Monday, August 25, 2014

Most Unexpected

So, my wife took me out of the equation and ordered up the PHB for 5th edition. It arrived over the weekend.

I've read the first seven chapters, and so far there is a lot to like.

Some initial impressions:

-There is a palpable design shift from the "Everything is Core" attitude of 4e to an "Everything is Optional" point of view. Multiclassing and feats are presented as optional rather than integral. Also, feats replace ability score improvements, so you can actually have PCs who like feats use them and players who aren't get something else instead. 

-I like what they've done with the paths that classes can take. You can create a great deal of versatility within a single class instead of having to have a million classes.

-The new art style is hit or miss  for me, but I'll give it this: characters have weapons that look like they could actually be physically wielded in combat. Also, armor isn't covered with vestigial buckles, spikes with spikes on the spikes, and twelve daggers strapped to each limb.

-I love the beautiful simplicity of advantage/disadvantage and its various uses.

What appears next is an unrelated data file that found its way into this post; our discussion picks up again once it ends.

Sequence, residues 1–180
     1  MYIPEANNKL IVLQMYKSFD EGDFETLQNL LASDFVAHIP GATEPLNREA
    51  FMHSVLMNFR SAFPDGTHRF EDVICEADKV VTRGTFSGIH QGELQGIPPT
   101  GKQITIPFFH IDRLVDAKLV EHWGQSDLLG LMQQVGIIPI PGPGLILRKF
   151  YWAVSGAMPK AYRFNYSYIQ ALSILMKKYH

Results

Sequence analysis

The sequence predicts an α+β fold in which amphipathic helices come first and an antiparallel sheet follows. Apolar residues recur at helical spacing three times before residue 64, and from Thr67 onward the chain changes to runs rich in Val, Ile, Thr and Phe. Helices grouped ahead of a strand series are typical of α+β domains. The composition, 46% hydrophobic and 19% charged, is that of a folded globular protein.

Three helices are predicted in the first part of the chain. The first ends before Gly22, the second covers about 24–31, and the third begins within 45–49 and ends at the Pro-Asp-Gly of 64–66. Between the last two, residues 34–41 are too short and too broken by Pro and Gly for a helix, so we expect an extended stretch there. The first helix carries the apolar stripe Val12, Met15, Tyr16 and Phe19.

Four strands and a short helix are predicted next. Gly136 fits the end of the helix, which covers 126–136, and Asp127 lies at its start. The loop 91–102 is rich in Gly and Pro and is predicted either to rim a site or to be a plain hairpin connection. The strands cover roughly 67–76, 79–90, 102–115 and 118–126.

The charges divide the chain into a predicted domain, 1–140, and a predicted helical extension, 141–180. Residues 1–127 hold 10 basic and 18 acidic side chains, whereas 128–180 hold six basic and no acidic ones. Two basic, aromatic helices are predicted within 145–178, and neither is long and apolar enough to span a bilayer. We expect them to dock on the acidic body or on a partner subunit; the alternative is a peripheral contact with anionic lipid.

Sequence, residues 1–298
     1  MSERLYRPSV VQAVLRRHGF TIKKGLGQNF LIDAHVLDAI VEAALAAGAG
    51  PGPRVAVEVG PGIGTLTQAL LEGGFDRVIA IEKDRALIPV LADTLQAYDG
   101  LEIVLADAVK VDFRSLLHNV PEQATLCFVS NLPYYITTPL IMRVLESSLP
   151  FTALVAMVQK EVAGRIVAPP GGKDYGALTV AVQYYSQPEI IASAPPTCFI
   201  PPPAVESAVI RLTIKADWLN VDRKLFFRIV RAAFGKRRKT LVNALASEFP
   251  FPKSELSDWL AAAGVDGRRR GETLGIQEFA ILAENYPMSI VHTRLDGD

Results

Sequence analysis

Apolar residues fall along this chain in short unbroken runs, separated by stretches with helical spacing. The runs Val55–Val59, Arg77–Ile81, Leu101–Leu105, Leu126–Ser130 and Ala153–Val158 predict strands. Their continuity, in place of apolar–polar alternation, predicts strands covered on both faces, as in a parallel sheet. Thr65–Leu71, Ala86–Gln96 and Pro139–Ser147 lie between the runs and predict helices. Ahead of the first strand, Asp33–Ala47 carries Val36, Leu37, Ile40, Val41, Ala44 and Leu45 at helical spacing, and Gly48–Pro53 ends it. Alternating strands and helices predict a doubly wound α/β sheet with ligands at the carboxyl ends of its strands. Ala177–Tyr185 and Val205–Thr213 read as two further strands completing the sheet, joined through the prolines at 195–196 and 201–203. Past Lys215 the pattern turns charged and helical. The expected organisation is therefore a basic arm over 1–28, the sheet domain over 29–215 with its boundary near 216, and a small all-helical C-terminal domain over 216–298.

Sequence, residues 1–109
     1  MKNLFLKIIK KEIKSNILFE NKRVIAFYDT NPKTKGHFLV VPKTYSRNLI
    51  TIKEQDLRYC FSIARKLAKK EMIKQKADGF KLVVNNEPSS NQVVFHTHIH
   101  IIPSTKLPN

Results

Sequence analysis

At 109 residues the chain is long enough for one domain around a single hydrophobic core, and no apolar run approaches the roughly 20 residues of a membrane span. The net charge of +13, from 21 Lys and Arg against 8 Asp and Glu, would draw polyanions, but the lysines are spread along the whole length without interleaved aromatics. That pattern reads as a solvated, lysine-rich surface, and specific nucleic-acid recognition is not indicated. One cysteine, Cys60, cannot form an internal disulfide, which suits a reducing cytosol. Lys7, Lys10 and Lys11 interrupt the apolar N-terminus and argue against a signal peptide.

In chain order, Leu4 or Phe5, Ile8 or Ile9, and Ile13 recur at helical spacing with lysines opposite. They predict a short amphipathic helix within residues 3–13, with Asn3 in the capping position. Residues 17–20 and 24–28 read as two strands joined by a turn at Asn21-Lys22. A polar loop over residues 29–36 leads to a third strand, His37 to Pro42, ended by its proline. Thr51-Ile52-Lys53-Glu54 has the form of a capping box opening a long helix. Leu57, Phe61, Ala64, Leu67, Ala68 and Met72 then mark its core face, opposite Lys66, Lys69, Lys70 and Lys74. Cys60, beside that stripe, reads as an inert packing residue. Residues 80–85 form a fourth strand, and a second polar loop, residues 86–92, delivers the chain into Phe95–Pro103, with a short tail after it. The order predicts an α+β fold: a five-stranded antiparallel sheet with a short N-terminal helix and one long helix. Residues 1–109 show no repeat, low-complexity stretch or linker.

-The attitude of "many worlds, many campaign settings" that the book espouses. They use a lot of Forgotten Realms and Dragonlance examples, but they also mention "your DM's world " a lot.

-Ability scores are capped at 20 for PCs, and the maximum possible score for anything is 30. (gods and monsters included, apparently) 

-I like that task resolution is based primarily on ability scores, with skills as a modifier.

-Backgrounds are neat.

Obviously, it's a brand new release and this could turn into splatbook hell, but I'm pretty optimistic. I'd play this at a convention. I might even run it once in awhile.

One final disclaimer: I'm not to the magic spells yet. That could make or break my opinion.

1 comment:

  1. I am a big fan of the advantage/disadvantage mechanic is my favorite thing from 5E and I've already stolen it for one of my (non-D&D) games.

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